“As we prepare for what will undoubtedly be a complicated vaccination process, we must ensure that community health centers and other medical facilities — many of which have already been stretched thin by this public health crisis — have the support they need to safely and rapidly vaccinate families and seniors throughout Arizona’s rural, tribal, and vulnerable communities,” said O’Halleran. “This distribution process must be transparent and organized so that Arizonans in every corner of our state are informed and able to receive the vaccine safely, as soon as possible.”

Congress this week passed a long-stalled, pandemic stimulus measure, with an added $70 billion for vaccines and COVID testing. State and county health departments have been complaining for months that they don’t have the resources needed to undertake the largest mass vaccination program in the nation’s history.

O’Halleran complained that two previous letters to Ducey have gone unanswered. He urged the state to put firm dates on each phase of the vaccination plan, working with rural hospitals to ensure they have needed resources, provide the super low temperature storage capacity needed for the early vaccines, improve coordination with tribal and local governments and launch a public education campaign to ensure people know the vaccine is safe and effective.

Some rural health workers were surprised when the first 58,000 doses of the Pfizer vaccine went entirely to Pima and Maricopa counties, even though rural areas had a well-developed vaccine plan and Gila County had the storage facilities necessary to handle both the Pfizer and the Moderna vaccines.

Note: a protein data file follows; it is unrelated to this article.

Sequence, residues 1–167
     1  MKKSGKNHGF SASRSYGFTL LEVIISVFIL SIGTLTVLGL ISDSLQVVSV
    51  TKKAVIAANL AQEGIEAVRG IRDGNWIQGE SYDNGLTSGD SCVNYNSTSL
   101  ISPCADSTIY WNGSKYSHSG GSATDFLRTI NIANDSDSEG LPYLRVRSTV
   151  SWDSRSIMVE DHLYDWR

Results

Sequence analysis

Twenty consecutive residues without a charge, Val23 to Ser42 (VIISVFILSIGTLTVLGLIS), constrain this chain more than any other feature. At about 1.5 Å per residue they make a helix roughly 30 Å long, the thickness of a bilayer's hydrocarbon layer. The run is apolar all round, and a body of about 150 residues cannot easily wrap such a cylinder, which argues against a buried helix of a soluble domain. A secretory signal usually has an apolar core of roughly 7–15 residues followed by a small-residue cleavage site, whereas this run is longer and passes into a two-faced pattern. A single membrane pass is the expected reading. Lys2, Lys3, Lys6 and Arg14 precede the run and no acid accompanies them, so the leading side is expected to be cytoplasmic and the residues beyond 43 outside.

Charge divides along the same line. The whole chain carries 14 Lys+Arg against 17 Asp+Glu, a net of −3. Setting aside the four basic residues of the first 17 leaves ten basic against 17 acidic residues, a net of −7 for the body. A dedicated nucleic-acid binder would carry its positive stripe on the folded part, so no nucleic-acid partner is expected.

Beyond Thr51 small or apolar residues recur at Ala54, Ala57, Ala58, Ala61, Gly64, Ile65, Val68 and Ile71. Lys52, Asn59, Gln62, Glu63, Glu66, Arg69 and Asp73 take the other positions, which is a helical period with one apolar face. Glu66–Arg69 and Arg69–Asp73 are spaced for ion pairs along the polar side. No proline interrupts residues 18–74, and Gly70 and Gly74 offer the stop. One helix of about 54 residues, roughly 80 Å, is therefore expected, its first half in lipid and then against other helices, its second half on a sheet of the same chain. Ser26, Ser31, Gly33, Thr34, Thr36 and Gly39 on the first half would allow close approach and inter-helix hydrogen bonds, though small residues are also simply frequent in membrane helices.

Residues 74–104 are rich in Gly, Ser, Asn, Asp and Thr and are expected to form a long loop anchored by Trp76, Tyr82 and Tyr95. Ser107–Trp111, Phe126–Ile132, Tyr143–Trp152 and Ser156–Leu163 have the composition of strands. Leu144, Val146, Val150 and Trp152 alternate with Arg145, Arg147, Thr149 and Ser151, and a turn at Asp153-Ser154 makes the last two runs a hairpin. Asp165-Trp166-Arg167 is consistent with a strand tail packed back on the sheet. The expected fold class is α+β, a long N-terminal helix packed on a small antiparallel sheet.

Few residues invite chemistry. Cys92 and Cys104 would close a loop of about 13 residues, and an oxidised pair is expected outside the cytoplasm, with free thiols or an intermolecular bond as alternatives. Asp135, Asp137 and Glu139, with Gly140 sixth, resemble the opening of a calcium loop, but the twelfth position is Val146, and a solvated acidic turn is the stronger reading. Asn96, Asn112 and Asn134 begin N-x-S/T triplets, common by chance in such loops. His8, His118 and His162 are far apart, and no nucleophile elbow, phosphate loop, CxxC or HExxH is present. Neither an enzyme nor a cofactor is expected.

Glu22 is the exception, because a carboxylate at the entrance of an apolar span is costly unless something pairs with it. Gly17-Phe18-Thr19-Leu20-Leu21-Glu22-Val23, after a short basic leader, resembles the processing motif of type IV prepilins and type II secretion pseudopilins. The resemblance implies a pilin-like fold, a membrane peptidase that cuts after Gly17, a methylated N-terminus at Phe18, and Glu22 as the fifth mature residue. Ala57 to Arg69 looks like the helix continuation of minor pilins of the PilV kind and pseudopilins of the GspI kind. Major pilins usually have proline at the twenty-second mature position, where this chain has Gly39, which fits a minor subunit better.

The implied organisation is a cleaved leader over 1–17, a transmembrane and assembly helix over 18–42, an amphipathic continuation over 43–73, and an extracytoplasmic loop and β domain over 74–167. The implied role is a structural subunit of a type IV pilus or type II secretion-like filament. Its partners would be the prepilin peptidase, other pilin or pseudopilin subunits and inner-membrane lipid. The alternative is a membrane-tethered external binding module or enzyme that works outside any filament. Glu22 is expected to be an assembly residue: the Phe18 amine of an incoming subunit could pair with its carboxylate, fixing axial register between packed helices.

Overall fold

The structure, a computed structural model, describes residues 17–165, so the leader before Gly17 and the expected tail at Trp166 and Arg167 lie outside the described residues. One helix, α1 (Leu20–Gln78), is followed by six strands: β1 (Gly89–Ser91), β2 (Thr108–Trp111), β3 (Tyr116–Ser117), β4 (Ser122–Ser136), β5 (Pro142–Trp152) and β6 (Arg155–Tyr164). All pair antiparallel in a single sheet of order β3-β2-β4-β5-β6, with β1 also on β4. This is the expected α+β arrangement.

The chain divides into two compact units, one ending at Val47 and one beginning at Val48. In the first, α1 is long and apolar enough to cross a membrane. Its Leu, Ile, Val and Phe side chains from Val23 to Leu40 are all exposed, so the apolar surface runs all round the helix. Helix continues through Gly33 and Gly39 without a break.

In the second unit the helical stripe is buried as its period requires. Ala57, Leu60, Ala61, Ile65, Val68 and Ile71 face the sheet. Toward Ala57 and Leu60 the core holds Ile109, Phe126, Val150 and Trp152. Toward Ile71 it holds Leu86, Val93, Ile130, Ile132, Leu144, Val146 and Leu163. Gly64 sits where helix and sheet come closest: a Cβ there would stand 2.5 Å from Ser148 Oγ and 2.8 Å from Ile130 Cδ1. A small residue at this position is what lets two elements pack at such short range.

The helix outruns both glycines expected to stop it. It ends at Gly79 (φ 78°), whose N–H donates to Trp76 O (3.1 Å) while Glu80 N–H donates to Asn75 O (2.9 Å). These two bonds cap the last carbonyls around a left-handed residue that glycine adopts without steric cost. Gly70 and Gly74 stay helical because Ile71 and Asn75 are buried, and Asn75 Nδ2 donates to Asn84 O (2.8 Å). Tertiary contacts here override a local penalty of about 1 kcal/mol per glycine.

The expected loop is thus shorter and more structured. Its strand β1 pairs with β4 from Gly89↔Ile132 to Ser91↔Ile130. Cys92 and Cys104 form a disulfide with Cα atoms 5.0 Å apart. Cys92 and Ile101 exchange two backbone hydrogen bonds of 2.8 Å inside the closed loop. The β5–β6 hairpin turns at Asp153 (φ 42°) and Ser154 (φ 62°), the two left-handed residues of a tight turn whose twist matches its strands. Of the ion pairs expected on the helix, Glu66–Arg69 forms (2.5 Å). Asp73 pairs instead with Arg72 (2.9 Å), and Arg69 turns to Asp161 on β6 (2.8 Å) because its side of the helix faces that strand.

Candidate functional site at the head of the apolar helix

The first shots come just in time to prevent the health system from getting swamped by the latest spike in cases.

Arizona has dropped from the hardest hit state to No. 4 in the past two weeks. In that period, new cases have risen 4%, deaths have risen 98% and hospitalizations and visits have risen 36%. The state’s cases have topped 470,000 and deaths have topped 8,100.

In Gila County, the average number of daily cases has dropped slightly in the past week. Gila County in the past week has averaged 90 cases per 100,000 population on a daily basis. That compares to 67 per 100,000 in Maricopa County and 113 per 100,000 in Yuma County.

On Tuesday, the county reported 42 additional cases throughout the county, including 16 cases in both Payson and Globe, bringing the total number of active cases in Payson to 143 and 130 in Globe.

There have been 76 deaths.

For the week of Nov. 29, the percentage of positive coronavirus tests was 16% in Gila County. The Arizona Department of Health Services defines substantial community spread as anything above 10%.

Health officials throughout the region appealed to residents to wear masks in public, stay home if you’re sick, avoid crowds, and minimize Christmas gatherings that mingle households.

Gila County remains in the “red zone” for substantial spread of the virus on the state’s school benchmarks webpage.

The state’s advisory guidelines suggest returning to distance learning once all three benchmarks cross into the red zone, but leaves the decision up to local school boards and county health departments.

The Payson Unified School District has returned to distance learning after the holiday break ends and continues in that mode until at least Jan. 19, depending on the continued spread of the virus in the community.

For more information, follow the Gila County Health & Emergency Management and Gila County Facebook pages, as well as on

Editor Alexis Bechman contributed to this story.

Contact the writer at